“To pretend that we can replace that in-person level of functioning with remote working ignores what we see in terms of the facts and the number of people served,” he says. “There’s no other explanation for the fact that it’s difficult to get into an office and there aren’t enough people when they get there.”
While accessing services by phone or online can save many people a trip to a field office, Doggett says it may not be the best approach for beneficiaries and applicants who are older or who are in poor physical or mental health.
“I know a lot of seniors aren’t that skilled at using such services,” he says. “I agree that we need more staff in the offices to deal with these issues. Virtual workers are simply not an adequate solution to this problem.”
“While we understand your encouragement to use SSA’s online or telephone options,” LeaMond wrote in her letter to the agency, “we recognize that this strategy presents significant challenges in reducing service issues in field offices.” Some services , such as applying for survivor benefits or SSI, cannot be completed online, she noted, and “even among those who prefer online services, many who apply for Social Security benefits online ultimately turn to in-person or telephone counseling for assistance.”
6 Social Security Tasks You Can’t Do Online
You can complete many social security transactions online, from registering a change of address to applying for a pension. But there are still some services, some of which are fairly common, that require direct interaction with a live representative. Here are six things you can do just by calling the Social Security Administration (SSA) or visiting a local field office.
Apply for a survivor’s pension: There is no online mechanism to claim benefits from the income file of a deceased spouse, ex-spouse or parent. Call the SSA National Customer Service Number (800-772-1213) or contact your local office to make a claim.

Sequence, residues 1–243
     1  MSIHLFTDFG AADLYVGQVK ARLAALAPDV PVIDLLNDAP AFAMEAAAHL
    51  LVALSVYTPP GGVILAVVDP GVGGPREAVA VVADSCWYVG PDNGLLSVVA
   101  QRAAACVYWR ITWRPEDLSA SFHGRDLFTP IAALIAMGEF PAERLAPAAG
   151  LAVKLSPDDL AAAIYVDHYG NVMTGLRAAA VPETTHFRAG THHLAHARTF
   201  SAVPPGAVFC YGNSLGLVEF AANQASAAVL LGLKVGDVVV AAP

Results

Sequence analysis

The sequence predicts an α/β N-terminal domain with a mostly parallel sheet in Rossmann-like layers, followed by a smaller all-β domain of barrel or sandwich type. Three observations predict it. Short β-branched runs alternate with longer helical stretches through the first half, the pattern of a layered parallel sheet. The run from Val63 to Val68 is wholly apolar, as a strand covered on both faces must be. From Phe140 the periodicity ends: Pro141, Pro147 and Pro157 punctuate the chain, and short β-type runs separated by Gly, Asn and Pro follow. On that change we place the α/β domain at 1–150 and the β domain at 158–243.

Report death: You should notify the SSA as soon as possible if a person receiving benefits dies. A funeral home will often take care of this, but if you are reporting a death yourself you will need to do so by phone or a social security office.
Apply for a death benefit: Spouses and children who qualify for a survivor’s pension may also be able to receive a $255 one-time death benefit from Social Security.
Apply for additional security income (in most cases): You can start the SSI application process online, but except in very narrow cases, you (or someone you designate to represent you) must meet an SSA representative in person or by phone to complete it.
Become a representative payee: Representative payees administer benefits for millions of Social Security beneficiaries who are unable to do so themselves because of age (e.g., having a young child) or disability. You must be approved by the SSA to fill this role, and the application process usually requires an in-person interview.
Request a new social security number: You generally can’t change your Social Security number, but Social Security will consider assigning a new number if you’re at risk from domestic violence or are experiencing acute financial loss as a result of identity theft. You can only apply in person at an SSA office.